Stages of the Dying Process

As unique as life is to all persons, death is just as unique.

People respond to the dying process in so many different ways but there are signs and symptoms that seem to be typical of the general population. The information presented below is merely a guide and an informational tool as to the types of changes you might see in yourself or your loved one.
 

Decrease in food intake

This is marked by a decreased appetite, desire for food, decreased amount of food eaten. Food tastes change as a person's body tires. This is part of the normal process as the body slows and requires less energy. While it is very difficult for a loved one to see a patient refuse to eat, it is not recommended to force foods. Forcing foods may cause increased discomfort. It is still very normal for individuals to urinate and have routine bowel movements as the body continues to break down food, fat and muscle, and the waste products are excreted from the body.
 

Increase in sleeping

This is evident by an increase in the number of hours a person sleeps. Napping becomes more frequent. The person may fall asleep mid-conversation or even mid-sentence.
 

Withdrawal from the world

It is normal for a person to lose interest in the activities of the outside world, even to the extent of limiting contact with visitors and family. This withdrawal can be related to a weakening of the body and an emotional need to begin to separate from this life. Communication can become difficult through this time. Touch and presence become very important.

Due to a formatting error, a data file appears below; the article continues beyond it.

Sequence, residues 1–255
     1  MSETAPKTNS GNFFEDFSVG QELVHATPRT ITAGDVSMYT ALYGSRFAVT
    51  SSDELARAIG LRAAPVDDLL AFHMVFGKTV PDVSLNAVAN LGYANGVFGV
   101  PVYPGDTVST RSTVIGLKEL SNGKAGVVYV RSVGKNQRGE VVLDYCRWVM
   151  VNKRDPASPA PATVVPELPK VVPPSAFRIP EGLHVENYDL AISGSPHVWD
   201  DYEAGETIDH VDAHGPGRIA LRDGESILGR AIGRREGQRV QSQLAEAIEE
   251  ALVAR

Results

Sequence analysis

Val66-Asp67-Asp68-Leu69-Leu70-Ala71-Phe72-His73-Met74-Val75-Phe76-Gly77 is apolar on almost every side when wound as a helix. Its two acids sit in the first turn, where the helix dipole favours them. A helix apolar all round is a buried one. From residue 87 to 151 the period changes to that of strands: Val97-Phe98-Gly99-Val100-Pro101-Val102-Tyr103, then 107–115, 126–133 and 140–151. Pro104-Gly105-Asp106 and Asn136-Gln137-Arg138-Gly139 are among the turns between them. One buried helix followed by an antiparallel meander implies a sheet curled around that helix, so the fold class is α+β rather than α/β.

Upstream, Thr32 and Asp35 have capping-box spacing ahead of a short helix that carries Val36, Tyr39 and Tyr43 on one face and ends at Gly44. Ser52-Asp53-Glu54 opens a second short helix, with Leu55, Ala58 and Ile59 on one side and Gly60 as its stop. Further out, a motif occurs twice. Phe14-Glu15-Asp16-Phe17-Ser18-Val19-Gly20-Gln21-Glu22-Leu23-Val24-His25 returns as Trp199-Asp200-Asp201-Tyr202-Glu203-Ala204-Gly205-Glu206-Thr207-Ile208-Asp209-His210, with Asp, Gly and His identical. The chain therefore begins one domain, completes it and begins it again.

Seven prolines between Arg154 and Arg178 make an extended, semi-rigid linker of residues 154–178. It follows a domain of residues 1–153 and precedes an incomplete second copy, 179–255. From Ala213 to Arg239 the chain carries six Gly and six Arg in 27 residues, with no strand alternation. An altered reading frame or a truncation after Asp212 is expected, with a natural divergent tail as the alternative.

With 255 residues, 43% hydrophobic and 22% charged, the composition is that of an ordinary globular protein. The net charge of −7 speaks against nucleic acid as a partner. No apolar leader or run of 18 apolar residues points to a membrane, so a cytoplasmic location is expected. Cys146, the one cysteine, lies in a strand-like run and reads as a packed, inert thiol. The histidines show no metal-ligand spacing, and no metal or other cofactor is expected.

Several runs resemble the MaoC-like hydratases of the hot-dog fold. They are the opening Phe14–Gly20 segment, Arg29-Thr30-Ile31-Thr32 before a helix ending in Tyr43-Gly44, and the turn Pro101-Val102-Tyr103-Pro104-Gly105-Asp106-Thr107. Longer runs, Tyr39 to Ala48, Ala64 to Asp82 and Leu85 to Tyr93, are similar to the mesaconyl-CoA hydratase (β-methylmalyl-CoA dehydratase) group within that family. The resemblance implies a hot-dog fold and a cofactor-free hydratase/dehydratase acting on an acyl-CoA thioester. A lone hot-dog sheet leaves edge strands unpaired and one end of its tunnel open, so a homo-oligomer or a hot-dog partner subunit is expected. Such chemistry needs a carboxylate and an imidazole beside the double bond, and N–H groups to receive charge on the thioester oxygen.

Physical changes

Changes in blood pressure, heart rate, temperature, respirations, and even blood sugars can be normal. A person's skin color may even change due to the weakness of the body and the heart's inability to pump blood efficiently.

These are important signs showing changes in a person's body that can indicate progression through the dying process. However, many individuals show many different signs at different times throughout their journey and every journey is unique.

Our staff is available to identify and discuss what you may be seeing in your loved one.

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